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How IBM Plans to Win Jeopardy!

IBM’s Watson will showcase the latest tricks in natural-language processing.

For decades, humans have struggled to create machines that can extract meaning from human language, with all its messiness, subtle context, humor, and irony. Traditional approaches require a great deal of manual work up front to render material understandable to computer algorithms. The ultimate goal is to make this step unnecessary.

What is Watson?: IBM is preparing a natural-language computer system that will compete against humans on TV’s Jeopardy!, which is hosted by Alex Trebek.

IBM hopes to advance toward this objective with Watson, a computer system that will play Jeopardy!, the popular TV trivia game show, against human contestants. Demonstrations of the system are expected this year, with a final televised matchup–complete with hosting by the show’s Alex Trebek–sometime next year. Questions will be spoken aloud by Trebek but fed into the machine in text format during the show.

The company has not yet published any research papers describing how its system will tackle Jeopardy!-style questions. But David Ferrucci, the IBM computer scientist leading the effort, explains that the system breaks a question into pieces, searches its own databases for “related knowledge,” and then finally makes connections to assemble a result. Watson is not designed to search the Web, and IBM’s end goal is a system that it can sell to its corporate customers who need to make large quantities of information more accessible.

Ferrucci describes how the technology would handle the following Jeopardy!-style question: “It’s the opera mentioned in the lyrics of a 1970 number-one hit by Smokey Robinson and the Miracles.”

The Watson engine uses natural-language processing techniques to break the question into structural components. In this case, the pieces include 1) an opera; 2) the opera is mentioned in a song; 3) the song was a hit in 1970; and 4) the hit was by Smokey Robinson and the Miracles.

In searching its databases for information that could be relevant to these segments, the system might find hundreds of passages. These could include the following three:

“Pagliacci,” the opera about a clown who tries to keep his feelings “hid”;

Smokey Robinson’s Motown hit record of the 60s “Tears of a Clown”;

“Tears of a Clown” by the Miracles hit #1 in the UK in 1970.

By analyzing these passages, Watson can identify “Pagliacci” as being “an opera,” although this on its own would not be much help, since many other passages also identify opera names. The second result identifies a hit record, “The Tears of a Clown,” by “Smokey Robinson,” which the system judges to be probably the same thing as “Smokey Robinson and the Miracles.” However, many other song titles would be generated in a similar manner. The probability that the result is accurate would also be judged low, because the song is associated with “the ’60s” and not “1970.” The third passage, however, reinforces the idea that “The Tears of a Clown” was a hit in 1970, provided the system determines that “The Miracles” refers to the same thing as “Smokey Robinson and the Miracles.”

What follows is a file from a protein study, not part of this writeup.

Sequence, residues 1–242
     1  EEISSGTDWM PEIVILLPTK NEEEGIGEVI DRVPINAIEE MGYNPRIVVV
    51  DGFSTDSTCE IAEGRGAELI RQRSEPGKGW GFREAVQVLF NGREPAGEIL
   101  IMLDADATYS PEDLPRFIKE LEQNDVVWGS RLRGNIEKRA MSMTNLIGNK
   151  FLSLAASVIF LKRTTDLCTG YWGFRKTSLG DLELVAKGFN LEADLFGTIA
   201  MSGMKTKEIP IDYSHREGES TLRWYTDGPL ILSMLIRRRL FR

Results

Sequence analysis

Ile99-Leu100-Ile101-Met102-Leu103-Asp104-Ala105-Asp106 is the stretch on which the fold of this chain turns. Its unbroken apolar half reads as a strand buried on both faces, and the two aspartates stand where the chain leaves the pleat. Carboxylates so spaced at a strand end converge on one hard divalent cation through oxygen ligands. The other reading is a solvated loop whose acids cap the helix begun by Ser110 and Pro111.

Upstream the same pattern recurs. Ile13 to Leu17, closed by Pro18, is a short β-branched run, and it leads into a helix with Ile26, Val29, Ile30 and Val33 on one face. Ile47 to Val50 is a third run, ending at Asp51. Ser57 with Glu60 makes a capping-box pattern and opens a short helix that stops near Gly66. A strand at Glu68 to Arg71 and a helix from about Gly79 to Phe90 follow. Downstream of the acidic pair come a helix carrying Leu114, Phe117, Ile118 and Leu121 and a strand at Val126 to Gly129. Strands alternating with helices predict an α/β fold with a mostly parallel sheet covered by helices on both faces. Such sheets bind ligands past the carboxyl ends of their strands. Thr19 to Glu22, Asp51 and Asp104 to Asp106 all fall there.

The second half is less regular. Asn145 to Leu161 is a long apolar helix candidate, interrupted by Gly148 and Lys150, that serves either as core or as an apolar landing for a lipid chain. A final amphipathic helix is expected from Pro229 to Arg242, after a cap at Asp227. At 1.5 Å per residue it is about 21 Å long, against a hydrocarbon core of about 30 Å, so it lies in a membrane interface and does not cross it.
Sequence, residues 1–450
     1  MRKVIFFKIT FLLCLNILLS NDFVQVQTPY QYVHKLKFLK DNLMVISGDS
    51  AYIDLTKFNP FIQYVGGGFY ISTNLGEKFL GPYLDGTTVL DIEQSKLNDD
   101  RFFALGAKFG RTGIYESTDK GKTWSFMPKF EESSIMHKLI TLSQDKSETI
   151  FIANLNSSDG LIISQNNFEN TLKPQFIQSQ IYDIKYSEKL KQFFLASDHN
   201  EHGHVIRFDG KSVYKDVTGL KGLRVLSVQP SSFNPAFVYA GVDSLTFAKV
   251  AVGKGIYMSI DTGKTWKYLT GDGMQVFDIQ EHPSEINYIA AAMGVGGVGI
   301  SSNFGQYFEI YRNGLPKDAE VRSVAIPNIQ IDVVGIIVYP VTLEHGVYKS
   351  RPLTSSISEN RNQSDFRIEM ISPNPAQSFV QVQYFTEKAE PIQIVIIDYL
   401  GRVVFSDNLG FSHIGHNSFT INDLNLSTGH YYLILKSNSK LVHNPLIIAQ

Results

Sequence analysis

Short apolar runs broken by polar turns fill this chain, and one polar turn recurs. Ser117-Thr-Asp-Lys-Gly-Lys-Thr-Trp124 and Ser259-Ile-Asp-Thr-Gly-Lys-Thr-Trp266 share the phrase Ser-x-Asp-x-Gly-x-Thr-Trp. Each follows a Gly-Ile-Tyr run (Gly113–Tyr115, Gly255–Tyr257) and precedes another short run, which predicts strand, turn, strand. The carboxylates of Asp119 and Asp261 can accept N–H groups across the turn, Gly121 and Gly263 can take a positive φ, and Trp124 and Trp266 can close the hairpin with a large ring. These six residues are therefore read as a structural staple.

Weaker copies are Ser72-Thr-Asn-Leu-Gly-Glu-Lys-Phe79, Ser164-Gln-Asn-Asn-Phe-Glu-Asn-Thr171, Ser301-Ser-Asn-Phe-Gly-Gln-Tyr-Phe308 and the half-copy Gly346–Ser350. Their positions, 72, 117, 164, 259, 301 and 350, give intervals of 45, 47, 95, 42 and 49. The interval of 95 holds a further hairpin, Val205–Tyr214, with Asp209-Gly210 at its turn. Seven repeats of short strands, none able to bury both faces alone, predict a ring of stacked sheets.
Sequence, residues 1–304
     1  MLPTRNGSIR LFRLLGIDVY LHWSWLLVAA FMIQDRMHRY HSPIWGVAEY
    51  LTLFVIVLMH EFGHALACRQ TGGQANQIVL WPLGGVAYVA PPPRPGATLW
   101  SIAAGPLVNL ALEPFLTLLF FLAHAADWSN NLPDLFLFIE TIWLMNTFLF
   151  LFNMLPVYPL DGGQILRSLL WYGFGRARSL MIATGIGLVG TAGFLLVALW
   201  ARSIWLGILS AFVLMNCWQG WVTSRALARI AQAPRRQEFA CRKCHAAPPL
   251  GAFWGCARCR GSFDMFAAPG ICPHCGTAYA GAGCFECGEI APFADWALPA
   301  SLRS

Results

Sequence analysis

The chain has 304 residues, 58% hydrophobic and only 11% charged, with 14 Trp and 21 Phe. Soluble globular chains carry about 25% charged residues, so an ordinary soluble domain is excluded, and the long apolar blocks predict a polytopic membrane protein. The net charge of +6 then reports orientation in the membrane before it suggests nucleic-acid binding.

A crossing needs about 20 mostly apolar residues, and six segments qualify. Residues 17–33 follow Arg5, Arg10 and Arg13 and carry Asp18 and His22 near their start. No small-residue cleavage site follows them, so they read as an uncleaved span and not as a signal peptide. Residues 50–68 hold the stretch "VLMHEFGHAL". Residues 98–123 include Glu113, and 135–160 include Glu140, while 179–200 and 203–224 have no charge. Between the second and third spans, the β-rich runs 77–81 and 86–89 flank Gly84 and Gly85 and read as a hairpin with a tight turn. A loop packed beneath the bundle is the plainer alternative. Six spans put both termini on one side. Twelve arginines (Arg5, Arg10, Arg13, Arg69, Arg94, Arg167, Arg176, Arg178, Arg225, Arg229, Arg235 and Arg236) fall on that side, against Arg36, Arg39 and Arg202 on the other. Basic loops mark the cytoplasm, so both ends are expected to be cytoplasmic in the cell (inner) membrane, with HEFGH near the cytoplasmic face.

From the first of these three passages, the Watson engine would know that Pagliacci is an opera about a clown who hides his feelings. To make the connection to Smokey Robinson, the system has to recognize that “tears” are strongly related to “feelings,” and since it knows that Pagliacci is about a clown that tries to keep its feelings hid, it guesses–correctly–that Pagliacci is the answer. Of course, the system might still make the wrong choice “depending on how the wrong answers may be supported by the available evidence,” says Ferrucci.

It’s easy, Ferrucci says, for less sophisticated natural-language systems to conclude that “The Tears of a Clown” is the answer by missing the fact that the request was for an opera referenced by that song. Such a conclusion could be triggered by passages that have lots of keywords that match the question.

Marti Hearst, a computer scientist at the University of California, Berkeley, says that “tremendous progress has been made on this task in the last decade by researchers in natural-language processing.” She adds that “pitting IBM’s Watson question-answering system against the top humans in a game of Jeopardy! is a fun way to publicize and showcase this progress,” but she also notes the lack of published research available for examination.

Meanwhile, the Defense Advanced Research Projects Agency (DARPA) will soon announce the participants chosen to take part in a five-year research effort aimed at advancing the state of natural-language processing. “I expect that this whole area will heat up significantly in the next few years,” says Dan Weld, a computer scientist at the University of Washington, who leads a group that has applied to take part in the DARPA effort.

Whether or not IBM’s Watson beats humans on Jeopardy! next year, the DARPA project will surely push the field ahead, says Weld. As DARPA noted in its request for research proposals, today’s smartest language-processing systems are narrowly focused, while more broadly focused systems are more imprecise. “DARPA’s involvement will focus the research of many people at top universities and research labs to push on integrated systems that can actually read a broad array of documents,” Weld says. “Most current systems tackle small parts of the puzzle.”

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